throne is the most powerful seat but also the smallest cage in the palace.” “That’s utter crap,” I growled. “You’ve made your intentions clear multiple times. The meetings with the king and Speaker, the ‘helpful’ visit to my guesthouse the night before Nikolai’s wedding. Remember those?” “Bridget needed a push,” he said coolly. “I wanted to see if she’d fight for the crown. But I also came back because…” He hesitated for a brief second. “I wanted to give Erhall a chance. See if we could connect somehow. That’s why I asked to shadow him during his meetings, more so than me wanting to be king. As for the guesthouse, I was trying to help you. I’m not an idiot, Mr. Larsen. Or should I call you Rhys, now that we both know we’re brothers?” I glared at him, and he chuckled. “Mr. Larsen it is,” he said. “I knew something was going on with you and Bridget long before the news broke. I didn’t have confirmation, but I could see it in the way you looked at each other. It’s a tough choice, love or country. Nikolai made his. Bridget, well, I guess she made hers, too. But before she agreed to marry Steffan”—the acid in my veins thickened and pooled in my stomach—“you two had a shot. Thought I’d give you a little nudge. You are my brother, and she is my cousin. Two of the few family members I have left. Consider it my good deed for the year.” “What charity,” I said, my sarcasm evident. “You should be sainted.” “Laugh all you want, but I was willing to push you two together because you were so clearly in love, even if it meant I had to take up the mantle should Bridget abdicate. Is that not a sacrifice?” It was a sacrifice. But I wasn’t admitting that to Andreas. My head pounded with the volume of new information rushing in. There was every chance Andreas was bullshitting me, but my gut told me he wasn’t.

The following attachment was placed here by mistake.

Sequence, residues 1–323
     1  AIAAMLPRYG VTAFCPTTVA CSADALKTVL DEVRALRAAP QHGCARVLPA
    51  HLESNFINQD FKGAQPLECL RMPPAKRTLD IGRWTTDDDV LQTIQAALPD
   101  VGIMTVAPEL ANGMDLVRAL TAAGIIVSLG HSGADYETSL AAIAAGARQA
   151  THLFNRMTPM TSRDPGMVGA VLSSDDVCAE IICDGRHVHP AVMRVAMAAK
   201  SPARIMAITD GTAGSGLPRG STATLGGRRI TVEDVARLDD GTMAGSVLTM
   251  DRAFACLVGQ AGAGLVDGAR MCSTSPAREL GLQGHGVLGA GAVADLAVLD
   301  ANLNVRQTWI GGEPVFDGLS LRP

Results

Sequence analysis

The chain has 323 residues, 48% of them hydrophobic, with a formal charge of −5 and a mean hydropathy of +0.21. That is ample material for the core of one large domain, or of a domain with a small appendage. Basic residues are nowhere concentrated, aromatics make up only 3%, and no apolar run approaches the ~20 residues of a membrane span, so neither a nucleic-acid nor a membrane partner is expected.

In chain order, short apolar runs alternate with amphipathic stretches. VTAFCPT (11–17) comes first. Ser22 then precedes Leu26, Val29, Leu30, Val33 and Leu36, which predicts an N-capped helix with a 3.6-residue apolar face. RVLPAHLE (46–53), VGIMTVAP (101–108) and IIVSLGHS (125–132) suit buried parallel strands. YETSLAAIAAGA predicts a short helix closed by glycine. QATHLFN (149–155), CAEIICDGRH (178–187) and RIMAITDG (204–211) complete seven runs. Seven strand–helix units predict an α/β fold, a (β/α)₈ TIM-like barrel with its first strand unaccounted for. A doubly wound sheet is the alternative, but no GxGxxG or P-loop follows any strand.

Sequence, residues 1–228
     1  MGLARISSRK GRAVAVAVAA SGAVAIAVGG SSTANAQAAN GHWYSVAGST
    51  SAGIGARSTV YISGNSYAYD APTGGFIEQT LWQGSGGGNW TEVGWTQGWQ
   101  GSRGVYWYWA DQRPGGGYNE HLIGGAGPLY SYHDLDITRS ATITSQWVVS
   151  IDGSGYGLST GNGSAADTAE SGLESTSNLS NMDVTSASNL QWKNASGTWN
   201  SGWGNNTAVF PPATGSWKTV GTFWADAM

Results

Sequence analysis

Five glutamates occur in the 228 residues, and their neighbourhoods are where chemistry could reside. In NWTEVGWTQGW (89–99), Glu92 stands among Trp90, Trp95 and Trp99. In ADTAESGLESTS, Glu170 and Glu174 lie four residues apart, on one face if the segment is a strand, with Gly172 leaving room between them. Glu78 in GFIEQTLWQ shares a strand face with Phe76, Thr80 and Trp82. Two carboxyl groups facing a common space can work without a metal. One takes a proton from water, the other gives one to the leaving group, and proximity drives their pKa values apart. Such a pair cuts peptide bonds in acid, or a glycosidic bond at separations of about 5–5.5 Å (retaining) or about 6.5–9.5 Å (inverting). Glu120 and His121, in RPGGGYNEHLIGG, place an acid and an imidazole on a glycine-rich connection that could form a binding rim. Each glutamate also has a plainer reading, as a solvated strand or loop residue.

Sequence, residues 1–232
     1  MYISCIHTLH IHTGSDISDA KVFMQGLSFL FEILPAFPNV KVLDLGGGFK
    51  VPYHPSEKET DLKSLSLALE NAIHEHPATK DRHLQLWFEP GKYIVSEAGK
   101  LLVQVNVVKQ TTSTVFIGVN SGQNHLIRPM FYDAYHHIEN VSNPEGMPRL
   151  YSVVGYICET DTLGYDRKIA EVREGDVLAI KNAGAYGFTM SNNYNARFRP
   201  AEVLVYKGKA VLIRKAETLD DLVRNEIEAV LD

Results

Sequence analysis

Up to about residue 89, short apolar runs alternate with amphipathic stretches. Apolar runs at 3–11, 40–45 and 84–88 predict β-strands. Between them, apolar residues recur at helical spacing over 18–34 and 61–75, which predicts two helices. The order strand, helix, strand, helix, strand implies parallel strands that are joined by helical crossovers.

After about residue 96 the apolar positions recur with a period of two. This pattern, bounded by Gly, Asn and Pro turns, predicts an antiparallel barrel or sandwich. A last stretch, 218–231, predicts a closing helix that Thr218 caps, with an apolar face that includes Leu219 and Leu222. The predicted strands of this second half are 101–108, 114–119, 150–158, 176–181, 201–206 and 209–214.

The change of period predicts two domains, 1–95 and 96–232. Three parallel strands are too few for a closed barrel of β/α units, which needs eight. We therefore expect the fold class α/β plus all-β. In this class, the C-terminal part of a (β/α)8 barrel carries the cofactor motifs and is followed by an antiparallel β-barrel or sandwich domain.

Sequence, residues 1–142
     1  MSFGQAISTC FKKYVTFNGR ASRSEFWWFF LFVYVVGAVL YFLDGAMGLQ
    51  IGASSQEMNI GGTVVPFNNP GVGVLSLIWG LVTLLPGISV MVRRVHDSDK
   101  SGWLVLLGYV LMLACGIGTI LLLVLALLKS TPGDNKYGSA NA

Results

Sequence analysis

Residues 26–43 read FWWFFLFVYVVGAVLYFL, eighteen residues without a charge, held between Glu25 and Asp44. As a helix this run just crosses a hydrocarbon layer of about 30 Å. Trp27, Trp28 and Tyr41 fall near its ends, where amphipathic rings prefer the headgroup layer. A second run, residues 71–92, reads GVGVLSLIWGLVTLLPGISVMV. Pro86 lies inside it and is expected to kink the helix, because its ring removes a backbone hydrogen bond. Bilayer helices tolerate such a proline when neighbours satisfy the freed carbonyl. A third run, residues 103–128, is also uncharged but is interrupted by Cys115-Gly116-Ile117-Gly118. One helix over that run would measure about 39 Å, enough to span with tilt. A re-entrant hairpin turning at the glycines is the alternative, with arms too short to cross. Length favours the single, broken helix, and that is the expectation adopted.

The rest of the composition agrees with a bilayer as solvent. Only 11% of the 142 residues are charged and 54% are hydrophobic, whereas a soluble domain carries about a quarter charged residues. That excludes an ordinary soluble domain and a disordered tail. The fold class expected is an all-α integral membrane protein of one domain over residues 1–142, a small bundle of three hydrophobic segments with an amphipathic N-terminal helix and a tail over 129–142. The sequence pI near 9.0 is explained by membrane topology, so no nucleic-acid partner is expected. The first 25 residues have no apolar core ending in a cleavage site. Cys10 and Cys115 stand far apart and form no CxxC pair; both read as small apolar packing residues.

“I almost told her about our father, you know. At Nikolai’s wedding reception. It doesn’t help much with the Royal Marriages Law, since it requires the monarch to marry someone of legitimate noble birth. You were born out of wedlock and never acknowledged by Erhall as his son—he doesn’t even know you are his son—so you don’t qualify.” Andreas finished his tea and set it in the sink. “But she disappeared from the reception and before I could talk to her, The Daily Tea allegations broke.” He shrugged. “C’est la vie.” Dammit. I’d hoped, now that I knew I was the son of a lord… “If it doesn’t help with the law, why would you tell her?” I demanded. “Because I have an idea of how it might help in a roundabout way.” Andreas smiled. “It might even help you get Bridget back if you work fast enough. Holstein’s scheduled to propose next month. I’m willing to help you…” “But?” There was always a but in these kinds of games. “But you stop treating me like an enemy and as…perhaps not a brother, but a friendly acquaintance. We are, after all, the only direct family left besides our lovely father.” Something flickered across Andreas’s face before it disappeared. “That’s it.” Suspicion curled in my stomach. It seemed too easy. “That’s it. Take it or leave it.” Something occurred to me. “Before I answer, I want to know. Did you ever snoop around my guesthouse when I wasn’t there?” He gave me an odd look. “No.” “The truth.” Andreas drew himself up to his full height, looking affronted. “I am a prince. I do not snoop around guesthouses…” the word dripped with disdain, “…like a common thief.” I pressed my lips together. He was telling the truth.
But if he wasn’t the culprit, who was? I supposed it didn’t matter anymore, considering I no longer lived there, but the mystery rankled. I did, however, have more important things to focus on. I didn’t trust Andreas. He may be honest today, and he may not want to steal the crown from Bridget, but that didn’t mean he would be honest always. Unfortunately, I was running out of both time and options. I hope I don’t regret this. “Your idea,” I said. “I’m listening.”